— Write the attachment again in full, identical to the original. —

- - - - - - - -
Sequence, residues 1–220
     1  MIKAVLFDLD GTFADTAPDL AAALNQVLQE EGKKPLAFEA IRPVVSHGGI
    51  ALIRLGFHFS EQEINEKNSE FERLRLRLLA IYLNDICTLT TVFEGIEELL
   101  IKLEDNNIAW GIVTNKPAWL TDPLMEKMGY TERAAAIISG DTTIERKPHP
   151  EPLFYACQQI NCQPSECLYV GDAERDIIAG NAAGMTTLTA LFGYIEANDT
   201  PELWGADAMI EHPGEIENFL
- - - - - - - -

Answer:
Sequence, residues 1–220
     1  MIKAVLFDLD GTFADTAPDL AAALNQVLQE EGKKPLAFEA IRPVVSHGGI
    51  ALIRLGFHFS EQEINEKNSE FERLRLRLLA IYLNDICTLT TVFEGIEELL
   101  IKLEDNNIAW GIVTNKPAWL TDPLMEKMGY TERAAAIISG DTTIERKPHP
   151  EPLFYACQQI NCQPSECLYV GDAERDIIAG NAAGMTTLTA LFGYIEANDT
   201  PELWGADAMI EHPGEIENFL